Sergei Skripal, 66, was convicted in Russia of passing state secrets to Britain. He was later given refuge in the UK as part of a spy swap.
He and a woman in her 30s, who is believed to be known to him and is also critically ill, were found “unconscious on a bench” at The Maltings shopping centre in Salisbury on Sunday afternoon, police said.
The pair did not have any “visible injuries”, Wiltshire Police’s Temporary Assistant Chief Constable, Craig Holden, added.
They are in intensive care at Salisbury District Hospital. Patients are being told to attend appointments as normal unless advised otherwise.
Firefighters were reportedly called to both the shopping centre and the hospital to decontaminate some areas.
While a major incident has been declared and “extensive inquiries” are underway, detectives are as yet “unable to ascertain whether or not a crime has taken place”.
Mr Holden said a counter-terrorism incident had not been declared, and that officers have access to a “wide range of specialist resources and services”.
A risk to the wider public does not “currently” exist. Anyone with information should call 999.
Mr Skripal, a former colonel within Russian military intelligence, was sentenced to 13 years in prison in 2006.
He was one of four convicts given a pardon, and one of two sent to Britain after a spy swap in 2010 – described as the largest since the Cold War.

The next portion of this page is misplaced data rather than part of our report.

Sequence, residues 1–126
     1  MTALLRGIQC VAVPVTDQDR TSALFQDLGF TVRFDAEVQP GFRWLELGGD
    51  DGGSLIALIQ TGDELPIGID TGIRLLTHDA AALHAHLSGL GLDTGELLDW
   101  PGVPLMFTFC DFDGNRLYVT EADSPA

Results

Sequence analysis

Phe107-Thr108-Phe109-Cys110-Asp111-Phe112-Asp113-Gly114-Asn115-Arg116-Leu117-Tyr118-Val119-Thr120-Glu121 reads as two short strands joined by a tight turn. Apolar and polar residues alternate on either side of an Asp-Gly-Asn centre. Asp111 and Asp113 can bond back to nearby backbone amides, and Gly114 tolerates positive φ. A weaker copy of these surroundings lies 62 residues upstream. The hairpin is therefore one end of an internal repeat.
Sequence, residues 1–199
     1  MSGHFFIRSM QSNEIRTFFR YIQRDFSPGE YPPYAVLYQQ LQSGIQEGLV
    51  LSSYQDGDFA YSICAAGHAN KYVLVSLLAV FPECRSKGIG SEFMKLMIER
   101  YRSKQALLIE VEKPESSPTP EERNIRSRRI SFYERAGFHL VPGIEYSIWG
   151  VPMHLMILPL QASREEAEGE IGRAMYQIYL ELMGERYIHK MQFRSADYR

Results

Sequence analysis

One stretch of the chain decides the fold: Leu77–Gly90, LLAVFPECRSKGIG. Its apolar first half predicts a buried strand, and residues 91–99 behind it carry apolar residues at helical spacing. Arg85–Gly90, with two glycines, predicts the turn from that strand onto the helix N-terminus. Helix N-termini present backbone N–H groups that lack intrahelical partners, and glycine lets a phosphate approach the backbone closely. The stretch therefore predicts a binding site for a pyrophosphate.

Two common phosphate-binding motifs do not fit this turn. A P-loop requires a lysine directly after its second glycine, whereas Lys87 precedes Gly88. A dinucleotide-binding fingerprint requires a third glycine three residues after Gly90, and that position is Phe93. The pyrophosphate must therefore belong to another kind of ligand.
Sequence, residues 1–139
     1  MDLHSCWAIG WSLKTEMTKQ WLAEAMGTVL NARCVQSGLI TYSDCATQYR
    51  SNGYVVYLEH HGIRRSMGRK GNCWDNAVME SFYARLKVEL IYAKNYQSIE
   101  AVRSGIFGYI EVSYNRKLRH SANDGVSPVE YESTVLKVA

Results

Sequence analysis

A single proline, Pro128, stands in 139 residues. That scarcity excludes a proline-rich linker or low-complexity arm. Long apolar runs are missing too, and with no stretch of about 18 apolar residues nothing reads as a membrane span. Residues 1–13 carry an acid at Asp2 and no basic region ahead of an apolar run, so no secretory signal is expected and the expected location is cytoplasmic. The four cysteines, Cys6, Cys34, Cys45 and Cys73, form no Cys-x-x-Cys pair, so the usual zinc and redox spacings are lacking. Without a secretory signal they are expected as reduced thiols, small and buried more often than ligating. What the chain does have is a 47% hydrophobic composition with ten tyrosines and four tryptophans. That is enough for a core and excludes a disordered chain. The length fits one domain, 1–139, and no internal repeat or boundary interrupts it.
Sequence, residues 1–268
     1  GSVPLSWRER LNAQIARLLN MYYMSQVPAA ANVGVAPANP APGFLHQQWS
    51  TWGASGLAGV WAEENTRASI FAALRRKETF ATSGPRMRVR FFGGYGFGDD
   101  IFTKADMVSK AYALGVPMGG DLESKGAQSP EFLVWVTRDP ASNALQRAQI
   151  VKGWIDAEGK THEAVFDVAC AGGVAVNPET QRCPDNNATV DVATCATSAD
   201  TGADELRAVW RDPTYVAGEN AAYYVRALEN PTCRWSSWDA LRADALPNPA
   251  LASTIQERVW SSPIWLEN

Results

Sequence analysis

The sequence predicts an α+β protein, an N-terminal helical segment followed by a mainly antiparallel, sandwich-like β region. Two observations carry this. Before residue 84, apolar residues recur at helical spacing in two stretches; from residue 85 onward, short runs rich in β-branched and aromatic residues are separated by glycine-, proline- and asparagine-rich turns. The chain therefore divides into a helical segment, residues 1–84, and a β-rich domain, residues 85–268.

A spokesman for the Russian embassy said: “Neither relatives nor legal representatives of the said person, nor the British authorities, have addressed the embassy in this regard.”
Sky News’ Defence Correspondent, Alistair Bunkall, said toxicology tests were not expected back on Monday night.
It is fair to assume the security services are “involved”, he added. It is also likely that Mr Skripal has received security guidance.
Anyone exposed to the unknown substance has been decontaminated, “as is standard practice in situations like this”, a spokesman for Public Health England (PHE) said.
“Scientists from PHE’s Centre for Radiation, Chemical and Environmental Hazards will continue to assist the response and review information as it becomes available,” he added.
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In 2006, Russian dissident Alexander Litvinenko died after drinking tea laced with radioactive polonium-210 at a London hotel.
In 2016, a public inquiry concluded that his killing had “probably” been carried out with the approval of Russian president Vladimir Putin.